Tips for Pruning Perennials

May 26, 2017

Did you know that you can prune your perennials to help delay or prolong the blooming period on them? A technique called preemptive pruning will help you achieve this effect.

Delaying the flowering of your perennials with preemptive pruning can be useful if you have a party or event coming up that you want your perennials out in full flowering force but it’s beyond the normal flowering time for your perennials. Preemptive pruning can be done by either pinching or shearing your perennials back.

Before we delve into the different preemptive pruning techniques, here are some reasons why you may want to prune your perennials:

  • Extending the blooming period
  • Encouraging new growth
  • Staggering plant height and/or bloom time
  • Reducing plant height
  • Keeping plants in their own space
  • Cleaning up your garden
  • Controlling pests/diseases

Variables that effect pruning perennials include:

  • Regional differences
  • Annual weather conditions
  • Soil conditions
  • Age and vigor of the plant

And tools you’ll want ready to go before you start pruning your perennials:

  • Head shears
  • Bonsai shears (for deadheading)
  • Felco shears
  • Hori hori

The Pinching Technique

If you’re a little hesitant, you can start with pinching. This method is good for beginning gardeners. Not only will it help delay flowering by a few weeks, but it can also help with the structure of your plants by keeping them more compact.

Pinching is best done early in the season that your plant typically blooms in. It is good to know that if you pinch your perennials in autumn, it will delay the flowering too much so they won’t bloom anymore during that season.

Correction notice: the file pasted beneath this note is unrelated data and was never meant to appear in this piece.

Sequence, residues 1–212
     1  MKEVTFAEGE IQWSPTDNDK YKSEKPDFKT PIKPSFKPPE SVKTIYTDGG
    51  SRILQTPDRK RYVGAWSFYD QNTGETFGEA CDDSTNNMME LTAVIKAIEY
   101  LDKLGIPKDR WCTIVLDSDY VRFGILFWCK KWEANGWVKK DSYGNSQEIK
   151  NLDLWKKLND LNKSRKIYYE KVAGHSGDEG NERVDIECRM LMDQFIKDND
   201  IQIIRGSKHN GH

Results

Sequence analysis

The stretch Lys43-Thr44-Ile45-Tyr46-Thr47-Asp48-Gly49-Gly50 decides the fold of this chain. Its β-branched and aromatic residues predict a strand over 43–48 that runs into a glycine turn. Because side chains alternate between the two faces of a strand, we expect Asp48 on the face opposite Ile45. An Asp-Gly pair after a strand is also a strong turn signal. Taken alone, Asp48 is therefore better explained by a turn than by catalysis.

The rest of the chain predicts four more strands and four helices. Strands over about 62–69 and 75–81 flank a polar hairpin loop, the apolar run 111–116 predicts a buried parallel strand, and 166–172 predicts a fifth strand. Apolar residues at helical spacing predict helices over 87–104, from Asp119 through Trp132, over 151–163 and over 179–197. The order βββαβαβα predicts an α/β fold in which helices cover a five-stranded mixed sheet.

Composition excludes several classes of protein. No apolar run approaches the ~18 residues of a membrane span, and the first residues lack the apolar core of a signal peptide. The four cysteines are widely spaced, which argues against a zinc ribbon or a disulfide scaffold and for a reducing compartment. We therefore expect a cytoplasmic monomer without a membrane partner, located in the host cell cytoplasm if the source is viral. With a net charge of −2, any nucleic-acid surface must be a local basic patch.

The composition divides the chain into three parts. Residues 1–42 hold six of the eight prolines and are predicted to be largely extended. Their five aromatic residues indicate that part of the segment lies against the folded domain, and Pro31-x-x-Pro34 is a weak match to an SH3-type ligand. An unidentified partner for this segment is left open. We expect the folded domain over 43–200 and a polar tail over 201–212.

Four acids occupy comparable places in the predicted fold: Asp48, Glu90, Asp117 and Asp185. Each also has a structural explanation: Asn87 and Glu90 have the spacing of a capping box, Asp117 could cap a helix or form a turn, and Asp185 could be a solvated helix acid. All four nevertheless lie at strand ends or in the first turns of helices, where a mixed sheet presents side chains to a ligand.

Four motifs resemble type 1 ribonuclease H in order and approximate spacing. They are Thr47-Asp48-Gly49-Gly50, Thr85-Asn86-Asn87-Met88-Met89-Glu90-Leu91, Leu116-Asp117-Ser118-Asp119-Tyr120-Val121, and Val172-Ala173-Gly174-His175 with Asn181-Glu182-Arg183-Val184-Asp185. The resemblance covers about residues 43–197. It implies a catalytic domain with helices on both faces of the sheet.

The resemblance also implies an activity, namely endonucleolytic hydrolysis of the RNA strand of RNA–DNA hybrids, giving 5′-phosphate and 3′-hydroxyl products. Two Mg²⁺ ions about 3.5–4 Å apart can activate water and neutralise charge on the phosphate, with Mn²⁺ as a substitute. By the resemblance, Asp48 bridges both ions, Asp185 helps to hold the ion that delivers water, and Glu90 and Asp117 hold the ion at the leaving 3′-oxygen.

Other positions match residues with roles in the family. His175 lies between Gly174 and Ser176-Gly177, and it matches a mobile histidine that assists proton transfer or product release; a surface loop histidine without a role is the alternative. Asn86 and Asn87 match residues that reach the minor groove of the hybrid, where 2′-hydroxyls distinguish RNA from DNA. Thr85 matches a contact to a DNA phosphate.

Pinching can be done by removing the top couple inches of new growth with either a sharp pair of shears or with your thumb and index finger.

Pinching Perennials Photo Courtesy of Gardening Know How

Pinching Perennials Photo Courtesy of Gardening Know How

Do not pinch or shear perennials that only have one single flower stem as this will remove its only bud so instead of encouraging more blooms, you will just remove the flower all together.

Some of these single flower stem plants include:

  • Astilbe
  • Hosta
  • Papaver (Poppy)
  • Heuchera (Coral Bells)

If you want to stagger the blooming on your perennials, instead of pinching all the tips, you can selectively pinch half of the plant so that way you have some buds blooming at the normal time and then you’ll get another round of flowers a couple weeks later.

Some perennials that respond well to pinching are:

  • Heleniums
  • Chrysanthemums
  • Phlox
  • Asters

The Shearing Technique

If you’re a more experienced gardener/pruner, you can also preemptively prune by shearing back up to half of the plant. Not only will this delay flowering and help structure your perennials, but it can also help with flopping issues.

Shearing Perennials Photo Courtesy of My 1929 Charmer On the left shows how not to shear and the right is the correct way to shear your perennials.

Shearing Perennials Photo Courtesy of My 1929 Charmer. On the left shows how not to shear and the right is the correct way to shear your perennials.

You can also prolong the blooming period of some seeding plants by cutting them back before they seed to get a more perennial type plant.

Tracy DiSabato-Aust has a great book called The Well-Tended Perennial Garden that goes more in depth about preemptive pruning and which plants do and do not benefit from this pruning technique.

You can also view a list of plants, provided by Tracy, that benefit from preemptive pruning here. At that same link, you will also find lists of perennials that benefit from other types of maintenance such as deadheading, deadleafing, and disbudding.

Deadheading Photo Courtesy of Royal Horticultural Society

Deadheading Photo Courtesy of Royal Horticultural Society

Do you want an easy to maintain landscape that includes beautiful perennials? Contact us today to see how a landscape design can help you transform your outdoor space!

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